Jennifer: Have you found solidarity within the punk community when it comes to parenting? Do you have different experiences in different groups of friends?
Fred: We are both lucky that we have great friends, with or sans babies, and they all continued to be awesome after we popped a baby. On a side note though, one of the amazing surprises that came from becoming parents has been the wonderful friendships we have formed or strengthened with a network of other like-minded parents. There is something to be said about how fun and intimate it can be to parent alongside friends. In the last year, I’ve had some pretty blissful and hilarious moments, sitting on someone’s floor sipping on coffee or tumbling down the jungle gym slide, whatever, hanging out with friends as we all take care of a pack of feral toddlers.
We were lucky and/or had incredible timing as a lot of people around us spawned around when we did, but we also made sure to put time and energy into these relationships. It was more than worth it. In the last two years, friends have liberally provided us with support, care and hilarity; with food, baby clothes, and toys; with encouragement and with wisdom, helping us figure shit out. We made sure to give back too, which is also a great pleasure. Beyond being grateful for all of that, I am now doubly committed to continuing to put efforts into having a solid community around us.
Jennifer: What music are you most excited that your kid is into?
Fred: She dances to Beyoncé and has been listening to metal since she was born. I am excited for when she’ll realize her dad wrote and played music and gets how awesome that is.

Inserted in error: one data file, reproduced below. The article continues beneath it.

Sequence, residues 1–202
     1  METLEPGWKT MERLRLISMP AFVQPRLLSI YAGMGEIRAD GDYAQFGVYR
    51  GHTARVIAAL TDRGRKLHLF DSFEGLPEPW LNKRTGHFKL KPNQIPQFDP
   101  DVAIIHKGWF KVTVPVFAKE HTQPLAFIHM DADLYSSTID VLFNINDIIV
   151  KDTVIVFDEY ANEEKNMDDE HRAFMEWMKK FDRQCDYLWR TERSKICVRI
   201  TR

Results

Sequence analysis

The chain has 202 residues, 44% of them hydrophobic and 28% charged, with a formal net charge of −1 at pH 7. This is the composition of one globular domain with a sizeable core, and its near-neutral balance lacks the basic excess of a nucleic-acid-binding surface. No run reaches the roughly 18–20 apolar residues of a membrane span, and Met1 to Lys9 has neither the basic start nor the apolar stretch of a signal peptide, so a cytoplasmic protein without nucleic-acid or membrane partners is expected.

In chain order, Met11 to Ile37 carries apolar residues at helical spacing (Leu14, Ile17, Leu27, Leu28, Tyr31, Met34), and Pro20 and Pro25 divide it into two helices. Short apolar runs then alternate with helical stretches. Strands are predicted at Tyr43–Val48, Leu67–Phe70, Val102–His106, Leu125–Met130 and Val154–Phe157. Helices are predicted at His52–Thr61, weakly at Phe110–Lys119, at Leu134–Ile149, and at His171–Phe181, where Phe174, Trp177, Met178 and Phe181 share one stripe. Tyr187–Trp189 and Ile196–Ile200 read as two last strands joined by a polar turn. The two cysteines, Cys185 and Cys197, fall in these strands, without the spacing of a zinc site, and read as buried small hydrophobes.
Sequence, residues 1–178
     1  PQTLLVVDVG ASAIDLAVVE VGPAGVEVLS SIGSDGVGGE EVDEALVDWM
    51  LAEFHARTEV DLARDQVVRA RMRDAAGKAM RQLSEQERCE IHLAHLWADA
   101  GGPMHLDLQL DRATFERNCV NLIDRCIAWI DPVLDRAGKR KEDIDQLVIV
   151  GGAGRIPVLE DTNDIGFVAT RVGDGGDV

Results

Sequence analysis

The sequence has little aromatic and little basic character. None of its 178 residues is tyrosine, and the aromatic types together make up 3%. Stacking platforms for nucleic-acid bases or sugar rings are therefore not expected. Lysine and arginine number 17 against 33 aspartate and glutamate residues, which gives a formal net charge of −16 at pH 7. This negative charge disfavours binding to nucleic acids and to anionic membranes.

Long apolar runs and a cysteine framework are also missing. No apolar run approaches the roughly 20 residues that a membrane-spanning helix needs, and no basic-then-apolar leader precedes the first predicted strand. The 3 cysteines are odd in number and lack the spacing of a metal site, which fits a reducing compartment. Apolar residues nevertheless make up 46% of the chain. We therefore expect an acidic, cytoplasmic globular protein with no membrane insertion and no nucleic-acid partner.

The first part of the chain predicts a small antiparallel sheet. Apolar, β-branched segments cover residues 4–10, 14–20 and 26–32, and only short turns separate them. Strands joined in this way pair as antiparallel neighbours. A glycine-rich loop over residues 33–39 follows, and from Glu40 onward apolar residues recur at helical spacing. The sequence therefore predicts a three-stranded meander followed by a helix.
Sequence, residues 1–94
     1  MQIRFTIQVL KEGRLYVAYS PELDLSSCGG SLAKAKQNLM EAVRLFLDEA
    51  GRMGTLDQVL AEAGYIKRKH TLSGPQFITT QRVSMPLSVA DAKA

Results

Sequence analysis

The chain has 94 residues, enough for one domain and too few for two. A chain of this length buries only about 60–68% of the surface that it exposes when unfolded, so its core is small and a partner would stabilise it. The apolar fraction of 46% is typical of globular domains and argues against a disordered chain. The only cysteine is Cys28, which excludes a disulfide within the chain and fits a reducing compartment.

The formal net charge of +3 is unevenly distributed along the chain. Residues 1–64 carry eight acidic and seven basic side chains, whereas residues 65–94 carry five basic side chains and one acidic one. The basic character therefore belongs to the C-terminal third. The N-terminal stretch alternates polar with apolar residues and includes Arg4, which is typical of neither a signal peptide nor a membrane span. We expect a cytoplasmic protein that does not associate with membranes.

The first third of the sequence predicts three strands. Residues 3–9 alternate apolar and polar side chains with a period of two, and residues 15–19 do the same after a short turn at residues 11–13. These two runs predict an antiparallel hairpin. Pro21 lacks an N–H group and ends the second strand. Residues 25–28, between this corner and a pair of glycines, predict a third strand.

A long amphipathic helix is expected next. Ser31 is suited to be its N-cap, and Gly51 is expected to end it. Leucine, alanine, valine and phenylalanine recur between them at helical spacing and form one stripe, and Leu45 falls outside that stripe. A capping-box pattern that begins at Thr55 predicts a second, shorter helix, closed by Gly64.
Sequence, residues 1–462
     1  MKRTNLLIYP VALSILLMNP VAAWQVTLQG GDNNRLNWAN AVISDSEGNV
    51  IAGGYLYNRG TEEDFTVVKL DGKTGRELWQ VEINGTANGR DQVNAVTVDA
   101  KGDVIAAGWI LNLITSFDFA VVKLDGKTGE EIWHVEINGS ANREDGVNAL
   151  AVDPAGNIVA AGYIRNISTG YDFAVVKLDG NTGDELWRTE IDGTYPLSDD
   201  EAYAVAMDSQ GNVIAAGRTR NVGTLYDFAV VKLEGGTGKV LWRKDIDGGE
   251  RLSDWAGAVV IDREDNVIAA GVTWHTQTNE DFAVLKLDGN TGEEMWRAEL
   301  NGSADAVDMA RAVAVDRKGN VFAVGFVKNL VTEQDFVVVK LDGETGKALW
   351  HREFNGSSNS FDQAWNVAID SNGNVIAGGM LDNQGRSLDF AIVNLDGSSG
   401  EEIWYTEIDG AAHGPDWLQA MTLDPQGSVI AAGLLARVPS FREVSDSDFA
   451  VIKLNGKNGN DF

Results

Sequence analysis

Mike: I’m pretty sure she’ll be more embarrassed than anything by her dad’s past life in a punk band, so I’m mostly just hoping to expose to her all sorts of different music, shows, and to give her access to instruments and more talented musicians than myself. That said, if she wants help sewing a Uranus back patch on her jean jacket, I won’t be too disappointed.
Jennifer: Who should I interview next? Any punk parents you admire or appreciate?
Fred: I think you should interview Dave Williams and Jess Gilmore next. Dave writes for Razorcake, is in Crusades and other local punk bands. He and Jess, who have a daughter about a year older than Léo, have been really supportive as friends and fellow parents. They are always available to talk through challenging parenting moments, share their experiences, and swap hilarious kid stories.